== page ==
Finally, established content creators will not be forced to wait for editorial review forever. Once it has been established that you, as a content creator, can be trusted to abide by the standards and practices and can generate professional-looking content without guidance or extraneous editing, you may be given the right to not only draft but post that content without admin approval.

Basic Standards and Practices for TestGaming.TV Content Creators:

Basic Rules:
  • Be respectful to the members of the community.
    • This means your audience as well as your fellow content creators. The first thing you should be asking yourself when creating something for the TEST Gaming website is whether or not this will reflect badly on the other content creators or the TEST Gaming brand overall. While we are part of TEST Squadron, we are not TEST Squadron. If anything, we are the semi-professional face of TEST Squadron and thus we have to put on a more professional air than may be acceptable within the Organization as a whole.
  • In the same vein, you need to ask yourself if your audience is going to be turned off or distracted by the method in which you present your content. Excessive use of foul language, for example, may distract from the overall message. (This is not to say that cursing will be censored - but ask yourself whether or not it is necessary to get your message across. And ask yourself if using that language will turn away your audience.) This applies to all forms of media and anything that may be considered “too extreme.” We aren’t using FCC Broadcast TV Rules here, but we’re not full-blown guerrilla radio either. Know your audience and tailor your creation to them.
  • Listen to the admins and editors.
    • Understand that we have reasons for asking you to change things or do something. Also it is our duty to explain those reasons to you. Nothing we say or do in a critical way is an attack on you or even your art - but bear in mind that not everything you create will be a fit for TestGaming.TV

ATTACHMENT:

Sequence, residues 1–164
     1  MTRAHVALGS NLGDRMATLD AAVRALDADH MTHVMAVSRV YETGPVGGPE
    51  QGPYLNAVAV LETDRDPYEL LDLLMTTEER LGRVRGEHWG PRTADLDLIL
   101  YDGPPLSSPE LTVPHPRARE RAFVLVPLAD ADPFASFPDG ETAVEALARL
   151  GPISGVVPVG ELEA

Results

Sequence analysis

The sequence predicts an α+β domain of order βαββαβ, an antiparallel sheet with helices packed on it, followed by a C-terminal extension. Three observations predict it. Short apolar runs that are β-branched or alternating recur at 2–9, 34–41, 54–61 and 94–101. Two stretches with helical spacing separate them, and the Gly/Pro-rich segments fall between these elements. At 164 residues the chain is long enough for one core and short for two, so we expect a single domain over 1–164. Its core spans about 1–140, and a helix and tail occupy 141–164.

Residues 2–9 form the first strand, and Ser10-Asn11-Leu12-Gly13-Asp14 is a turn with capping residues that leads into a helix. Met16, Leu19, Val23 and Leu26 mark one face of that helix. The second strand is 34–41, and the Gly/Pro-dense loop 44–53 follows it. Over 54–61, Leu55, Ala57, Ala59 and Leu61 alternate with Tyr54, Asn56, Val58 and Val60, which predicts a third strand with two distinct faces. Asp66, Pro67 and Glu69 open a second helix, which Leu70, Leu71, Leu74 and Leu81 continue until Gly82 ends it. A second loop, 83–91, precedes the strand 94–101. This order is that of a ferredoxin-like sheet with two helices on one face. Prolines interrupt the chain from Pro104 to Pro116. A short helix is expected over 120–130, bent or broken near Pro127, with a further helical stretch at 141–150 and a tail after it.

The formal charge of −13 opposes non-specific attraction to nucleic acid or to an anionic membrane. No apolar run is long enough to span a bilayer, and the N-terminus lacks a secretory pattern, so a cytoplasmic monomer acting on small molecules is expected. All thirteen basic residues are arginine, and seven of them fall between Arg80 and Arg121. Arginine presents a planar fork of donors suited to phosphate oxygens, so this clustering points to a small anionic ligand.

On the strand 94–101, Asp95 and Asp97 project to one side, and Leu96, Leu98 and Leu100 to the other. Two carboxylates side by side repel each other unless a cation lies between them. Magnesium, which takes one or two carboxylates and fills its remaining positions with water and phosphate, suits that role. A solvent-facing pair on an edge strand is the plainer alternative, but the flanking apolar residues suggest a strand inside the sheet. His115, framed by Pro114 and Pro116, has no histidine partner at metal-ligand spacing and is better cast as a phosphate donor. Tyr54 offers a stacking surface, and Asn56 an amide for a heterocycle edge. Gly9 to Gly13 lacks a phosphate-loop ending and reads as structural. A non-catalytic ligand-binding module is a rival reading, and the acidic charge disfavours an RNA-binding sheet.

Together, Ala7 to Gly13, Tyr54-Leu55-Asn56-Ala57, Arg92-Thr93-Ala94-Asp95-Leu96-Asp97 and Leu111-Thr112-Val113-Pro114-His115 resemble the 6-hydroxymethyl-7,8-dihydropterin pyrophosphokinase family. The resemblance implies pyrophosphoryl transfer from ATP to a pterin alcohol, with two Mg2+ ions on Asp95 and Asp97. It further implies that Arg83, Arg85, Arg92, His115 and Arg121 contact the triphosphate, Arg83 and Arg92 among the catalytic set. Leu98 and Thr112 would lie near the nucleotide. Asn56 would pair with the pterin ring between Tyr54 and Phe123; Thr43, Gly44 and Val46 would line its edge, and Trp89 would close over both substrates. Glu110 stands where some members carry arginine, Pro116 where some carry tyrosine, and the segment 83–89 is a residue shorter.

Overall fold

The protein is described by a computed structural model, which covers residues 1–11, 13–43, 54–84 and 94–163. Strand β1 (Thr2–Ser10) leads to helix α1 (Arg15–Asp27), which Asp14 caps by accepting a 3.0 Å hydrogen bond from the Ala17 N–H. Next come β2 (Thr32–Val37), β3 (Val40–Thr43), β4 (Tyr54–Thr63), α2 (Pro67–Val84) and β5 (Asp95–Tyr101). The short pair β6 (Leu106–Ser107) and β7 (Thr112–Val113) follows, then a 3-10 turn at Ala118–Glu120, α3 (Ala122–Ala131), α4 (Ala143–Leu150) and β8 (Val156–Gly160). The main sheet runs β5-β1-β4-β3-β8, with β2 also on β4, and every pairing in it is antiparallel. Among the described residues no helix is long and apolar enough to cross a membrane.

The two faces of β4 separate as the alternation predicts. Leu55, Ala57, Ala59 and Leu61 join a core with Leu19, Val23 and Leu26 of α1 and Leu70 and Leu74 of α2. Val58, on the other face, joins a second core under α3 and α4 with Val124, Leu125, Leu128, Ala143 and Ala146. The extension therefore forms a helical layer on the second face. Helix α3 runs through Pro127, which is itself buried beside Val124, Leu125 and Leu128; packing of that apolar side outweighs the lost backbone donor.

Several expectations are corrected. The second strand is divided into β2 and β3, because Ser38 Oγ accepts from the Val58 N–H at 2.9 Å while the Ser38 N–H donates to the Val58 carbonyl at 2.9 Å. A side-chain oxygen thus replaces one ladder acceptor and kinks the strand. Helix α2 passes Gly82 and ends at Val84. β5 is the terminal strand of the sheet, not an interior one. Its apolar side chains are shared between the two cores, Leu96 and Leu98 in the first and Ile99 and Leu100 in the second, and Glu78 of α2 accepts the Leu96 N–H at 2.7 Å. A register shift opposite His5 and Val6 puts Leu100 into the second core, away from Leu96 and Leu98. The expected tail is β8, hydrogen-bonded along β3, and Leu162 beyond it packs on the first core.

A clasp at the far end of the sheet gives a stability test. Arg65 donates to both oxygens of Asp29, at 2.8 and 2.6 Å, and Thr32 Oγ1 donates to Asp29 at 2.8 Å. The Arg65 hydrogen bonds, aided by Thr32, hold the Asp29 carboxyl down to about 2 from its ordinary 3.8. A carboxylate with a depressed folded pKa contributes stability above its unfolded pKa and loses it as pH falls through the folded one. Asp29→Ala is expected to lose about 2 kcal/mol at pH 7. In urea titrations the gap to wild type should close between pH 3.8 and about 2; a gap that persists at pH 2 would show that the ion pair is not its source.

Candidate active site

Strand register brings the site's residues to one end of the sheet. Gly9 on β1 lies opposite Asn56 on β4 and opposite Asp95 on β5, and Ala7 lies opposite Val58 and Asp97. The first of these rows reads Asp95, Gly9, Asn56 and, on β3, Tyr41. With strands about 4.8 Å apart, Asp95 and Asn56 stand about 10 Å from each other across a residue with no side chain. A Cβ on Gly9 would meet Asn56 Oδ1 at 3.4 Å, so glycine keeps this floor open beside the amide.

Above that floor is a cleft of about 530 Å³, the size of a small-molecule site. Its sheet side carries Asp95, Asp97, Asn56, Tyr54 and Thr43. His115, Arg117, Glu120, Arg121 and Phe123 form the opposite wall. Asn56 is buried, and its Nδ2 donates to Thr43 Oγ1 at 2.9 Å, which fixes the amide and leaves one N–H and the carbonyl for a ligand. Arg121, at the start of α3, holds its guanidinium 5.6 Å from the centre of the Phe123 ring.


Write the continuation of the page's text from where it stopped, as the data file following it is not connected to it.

• Create what you know, but always push yourself.
    • There is an old adage in writing, “Write what you know.” The same applies to almost all art. If you focus on what comes naturally to you, your creation will seem more natural to the audience. At the same time you should always be striving to improve your abilities and expand your knowledge. Don’t stagnate as an artist, even if it seems to be a successful method.
  • Don’t be discouraged by criticism.
    • Criticism will help you grow. Some of it will be honest assessments, some of it will be emotional, some of it will be trolling. Part of being an artist is learning to accept that you will never please everyone, and also learning from the critiques of others - even if they are biting.
  • Don’t be discouraged by page hits.
    • This is a new website that we are building as we go. It’s not going to be an overnight sensation. And, even if some creators generate more hits than you, that doesn’t mean you can’t reach that level with time and effort. One of the things that discourages content creators early on is low response. We all go through it. Streamers have nights where only one person tunes in. Youtubers have videos that get 10 hits, and 9 of them were the Youtuber himself checking to see if anyone new had watched. Authors have stories that go viral and stories that only one person reads. And everyone started out without an audience.